“Why do we need DevSecOps?”
When software is created and deployed in a non DevSecOps environment, there’s often little consideration for how releases or updates affect security. Manual security reviews can become an afterthought and a box ticking exercise – “the auditor is in tomorrow, quick do some security!”. This haphazard approach leads to delivery delays. When security is left to the last minute, it’s almost inevitable that substantial mitigations will be needed.
Since manual security reviews are extremely laborious, teams often take risky shortcuts to keep up with the pace of deployments and environment changes.
All this puts significant pressure on security teams. They must manage security findings, as well as securing infrastructures, developments and sensitive data – while keeping compliance and regulation in mind. This becomes increasingly unsustainable as releases become more frequent.
DevSecOps tools and tactics
Put simply, DevSecOps tools should be as easy as possible for developers to use, featuring a high level of automation. It’s also important to ensure that security is unified across cloud infrastructure, data protection, and application deliveries.
With that in mind, let’s examine some of the DevSecOps tools and tactics that all organisations should implement.
Developing a robust DevSecOps strategy should be your first priority. This must be defined jointly by security teams, wider business stakeholders and DevSecOps specialists. Your strategy should include:
- A defined security baseline
- A risk tolerance definition
- Tracking for common vulnerabilities and exposures (CVEs)
- Application security testing (SAST/DAST)
- A risk/benefit analysis for security deviation requests and issues
To make informed decisions, businesses should also consider how DevSecOps tools can be integrated with IT service management tools.
It goes without saying that any app will have dependencies that could compromise security – Java, Apache, or even something like Log4J. These CVEs are notoriously tricky to follow. After all, there may be hidden dependencies that are over a decade old.
When a new CVE is discovered, it’s possible that developers may not even notice. After all, there are simply too many dependencies and vendors to keep track of them all. The only way to check for CVEs effectively is by using an automated tool. Nesting CVE checkers into the pipeline is non-negotiable.
Application security testing
Both static (SAST) and dynamic (DAST) application security testing are crucial parts of any DevSecOps toolkit.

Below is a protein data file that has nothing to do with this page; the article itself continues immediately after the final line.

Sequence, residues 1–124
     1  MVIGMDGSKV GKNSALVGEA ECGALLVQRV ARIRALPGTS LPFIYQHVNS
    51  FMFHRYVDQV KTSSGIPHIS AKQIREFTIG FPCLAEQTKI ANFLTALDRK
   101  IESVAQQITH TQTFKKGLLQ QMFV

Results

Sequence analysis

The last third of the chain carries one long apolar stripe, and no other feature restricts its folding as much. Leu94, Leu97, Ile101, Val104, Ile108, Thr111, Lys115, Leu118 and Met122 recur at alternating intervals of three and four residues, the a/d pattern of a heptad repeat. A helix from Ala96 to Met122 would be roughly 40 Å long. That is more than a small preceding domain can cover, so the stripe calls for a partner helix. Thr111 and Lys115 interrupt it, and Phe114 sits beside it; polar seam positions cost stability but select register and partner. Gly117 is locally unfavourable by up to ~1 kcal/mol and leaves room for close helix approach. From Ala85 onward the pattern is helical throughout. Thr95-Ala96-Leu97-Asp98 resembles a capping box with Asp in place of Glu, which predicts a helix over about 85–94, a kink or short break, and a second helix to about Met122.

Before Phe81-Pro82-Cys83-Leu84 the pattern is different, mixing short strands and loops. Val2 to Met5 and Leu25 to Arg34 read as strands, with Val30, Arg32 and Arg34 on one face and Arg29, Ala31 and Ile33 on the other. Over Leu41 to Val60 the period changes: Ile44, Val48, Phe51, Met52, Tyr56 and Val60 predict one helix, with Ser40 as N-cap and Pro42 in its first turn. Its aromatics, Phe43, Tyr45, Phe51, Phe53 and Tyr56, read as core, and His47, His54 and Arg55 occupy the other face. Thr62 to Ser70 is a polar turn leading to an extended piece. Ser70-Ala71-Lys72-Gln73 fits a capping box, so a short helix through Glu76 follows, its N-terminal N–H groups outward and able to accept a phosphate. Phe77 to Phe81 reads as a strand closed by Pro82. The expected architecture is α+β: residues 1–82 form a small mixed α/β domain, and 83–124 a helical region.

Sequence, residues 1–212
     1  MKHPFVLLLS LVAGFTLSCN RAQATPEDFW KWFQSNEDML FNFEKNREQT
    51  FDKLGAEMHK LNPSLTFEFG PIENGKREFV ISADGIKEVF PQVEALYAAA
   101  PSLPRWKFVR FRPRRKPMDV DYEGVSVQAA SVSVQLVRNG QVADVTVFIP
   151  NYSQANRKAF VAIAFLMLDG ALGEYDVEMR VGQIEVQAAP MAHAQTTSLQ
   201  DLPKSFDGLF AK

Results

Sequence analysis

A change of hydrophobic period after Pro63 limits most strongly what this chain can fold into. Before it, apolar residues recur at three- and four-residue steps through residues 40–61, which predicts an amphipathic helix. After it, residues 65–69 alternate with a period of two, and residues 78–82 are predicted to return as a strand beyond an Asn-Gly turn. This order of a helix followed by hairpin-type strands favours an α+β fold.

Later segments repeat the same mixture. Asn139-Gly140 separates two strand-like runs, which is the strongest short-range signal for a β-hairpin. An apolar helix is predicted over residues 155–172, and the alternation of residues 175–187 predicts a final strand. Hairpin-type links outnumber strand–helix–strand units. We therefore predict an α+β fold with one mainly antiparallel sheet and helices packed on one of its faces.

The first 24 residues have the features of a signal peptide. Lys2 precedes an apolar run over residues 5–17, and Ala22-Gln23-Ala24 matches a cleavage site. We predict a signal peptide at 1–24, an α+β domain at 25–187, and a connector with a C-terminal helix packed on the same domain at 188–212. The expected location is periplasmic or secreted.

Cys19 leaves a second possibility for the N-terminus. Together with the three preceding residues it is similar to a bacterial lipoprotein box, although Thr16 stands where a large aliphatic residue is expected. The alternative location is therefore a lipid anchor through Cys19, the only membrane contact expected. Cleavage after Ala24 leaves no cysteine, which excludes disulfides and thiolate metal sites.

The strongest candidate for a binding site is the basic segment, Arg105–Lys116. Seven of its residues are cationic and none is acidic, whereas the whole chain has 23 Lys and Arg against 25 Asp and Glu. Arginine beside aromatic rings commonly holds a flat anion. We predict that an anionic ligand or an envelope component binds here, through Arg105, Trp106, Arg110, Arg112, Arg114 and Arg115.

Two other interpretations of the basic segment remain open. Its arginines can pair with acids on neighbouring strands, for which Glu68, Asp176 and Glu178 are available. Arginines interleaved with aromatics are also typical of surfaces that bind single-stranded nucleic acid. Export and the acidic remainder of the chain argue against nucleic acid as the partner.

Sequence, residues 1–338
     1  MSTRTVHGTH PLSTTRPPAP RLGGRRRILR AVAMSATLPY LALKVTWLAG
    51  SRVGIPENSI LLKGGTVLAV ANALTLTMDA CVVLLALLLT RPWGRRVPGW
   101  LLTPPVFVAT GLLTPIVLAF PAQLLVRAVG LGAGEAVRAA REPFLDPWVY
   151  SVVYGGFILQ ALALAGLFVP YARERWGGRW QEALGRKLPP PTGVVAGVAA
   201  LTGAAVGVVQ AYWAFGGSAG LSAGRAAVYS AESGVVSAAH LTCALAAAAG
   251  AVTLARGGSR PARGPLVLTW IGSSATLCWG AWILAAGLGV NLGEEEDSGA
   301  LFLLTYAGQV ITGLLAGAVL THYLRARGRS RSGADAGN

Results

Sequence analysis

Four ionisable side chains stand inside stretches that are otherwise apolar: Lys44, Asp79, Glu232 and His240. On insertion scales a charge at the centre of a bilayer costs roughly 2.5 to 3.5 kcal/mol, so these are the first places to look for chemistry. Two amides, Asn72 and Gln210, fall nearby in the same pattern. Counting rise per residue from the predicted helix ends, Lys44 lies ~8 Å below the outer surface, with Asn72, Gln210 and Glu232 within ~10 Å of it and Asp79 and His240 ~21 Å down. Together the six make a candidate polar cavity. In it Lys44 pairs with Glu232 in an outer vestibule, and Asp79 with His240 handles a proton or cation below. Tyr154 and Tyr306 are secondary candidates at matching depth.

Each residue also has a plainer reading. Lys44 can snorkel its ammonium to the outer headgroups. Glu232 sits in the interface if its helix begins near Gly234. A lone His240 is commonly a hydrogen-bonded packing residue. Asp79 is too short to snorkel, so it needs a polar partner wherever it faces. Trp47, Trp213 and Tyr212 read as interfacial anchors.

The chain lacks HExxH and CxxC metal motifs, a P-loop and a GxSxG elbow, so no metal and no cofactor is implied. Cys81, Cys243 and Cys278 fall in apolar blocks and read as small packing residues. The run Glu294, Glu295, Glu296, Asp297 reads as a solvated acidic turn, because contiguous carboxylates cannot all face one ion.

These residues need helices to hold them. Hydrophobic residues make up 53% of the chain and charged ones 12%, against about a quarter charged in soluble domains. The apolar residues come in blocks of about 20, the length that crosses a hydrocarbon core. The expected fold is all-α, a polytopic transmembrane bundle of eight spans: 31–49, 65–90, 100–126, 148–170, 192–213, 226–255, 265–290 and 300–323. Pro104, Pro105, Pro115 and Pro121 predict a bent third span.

SAST tools scan proprietary code while it isn’t running to find common vulnerabilities and suggest remediation tactics. It’s important to do this throughout the build phase, as it’s much easier to resolve issues when they’re detected early. By contrast, DAST tools are used to look for vulnerabilities in running applications. As such, these are often used later in the development cycle.
Training and communication
One of the biggest challenges to implementing DevSecOps is cultural change. Strained developers often feel like security is slowing them down. Meanwhile, security teams can be laser focused on securing apps, code, infrastructure and data – without considering time-to-market.
Unifying these diverse priorities is crucial. Security training for developers – including best practices from industry standards (OWASP, CIS etc.) and a straightforward security baseline – is a good place to start.
It’s also important for security teams to share information with developers on an ongoing basis. Keeping them informed about security findings like vulnerabilities, configuration errors and incidents helps them to see the value of security. On the other hand, by working collaboratively with developers, security teams will be better equipped to implement much-needed guardrails, reducing the friction between teams.
Overall, DevSecOps should be viewed as an integral part of the app lifecycle. It’s a no-brainer for businesses, as quickly identifying and remediating security issues saves costs and developer time in the long-term. The key to success is harnessing the power of automation and ensuring that everyone in the delivery pipeline shares accountability for security.